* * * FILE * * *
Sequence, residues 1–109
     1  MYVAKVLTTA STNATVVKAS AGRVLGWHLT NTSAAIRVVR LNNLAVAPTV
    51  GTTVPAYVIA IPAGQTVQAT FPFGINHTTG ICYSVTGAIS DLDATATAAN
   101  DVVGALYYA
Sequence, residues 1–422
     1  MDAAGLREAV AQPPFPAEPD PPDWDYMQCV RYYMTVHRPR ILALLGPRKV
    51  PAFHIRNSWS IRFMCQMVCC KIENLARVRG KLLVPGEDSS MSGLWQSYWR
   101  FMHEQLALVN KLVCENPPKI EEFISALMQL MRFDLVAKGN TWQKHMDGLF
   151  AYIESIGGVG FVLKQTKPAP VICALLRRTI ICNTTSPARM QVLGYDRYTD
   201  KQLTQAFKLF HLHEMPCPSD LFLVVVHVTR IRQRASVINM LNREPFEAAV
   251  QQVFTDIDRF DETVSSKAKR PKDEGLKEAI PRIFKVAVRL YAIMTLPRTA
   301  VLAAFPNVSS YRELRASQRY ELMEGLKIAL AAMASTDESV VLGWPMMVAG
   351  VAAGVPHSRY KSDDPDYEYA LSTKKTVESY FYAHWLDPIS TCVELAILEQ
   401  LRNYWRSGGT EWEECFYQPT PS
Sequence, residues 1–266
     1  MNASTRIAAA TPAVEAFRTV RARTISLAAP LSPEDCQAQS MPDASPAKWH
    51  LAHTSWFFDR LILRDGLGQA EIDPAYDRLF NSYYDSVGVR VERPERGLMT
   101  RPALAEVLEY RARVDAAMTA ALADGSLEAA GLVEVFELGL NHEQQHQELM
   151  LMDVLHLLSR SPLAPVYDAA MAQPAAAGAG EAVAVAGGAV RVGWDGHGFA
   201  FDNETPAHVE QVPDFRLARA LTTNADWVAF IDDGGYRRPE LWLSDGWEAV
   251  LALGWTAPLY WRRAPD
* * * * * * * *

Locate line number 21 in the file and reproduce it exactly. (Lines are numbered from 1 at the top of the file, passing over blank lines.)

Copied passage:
   251  LALGWTAPLY WRRAPD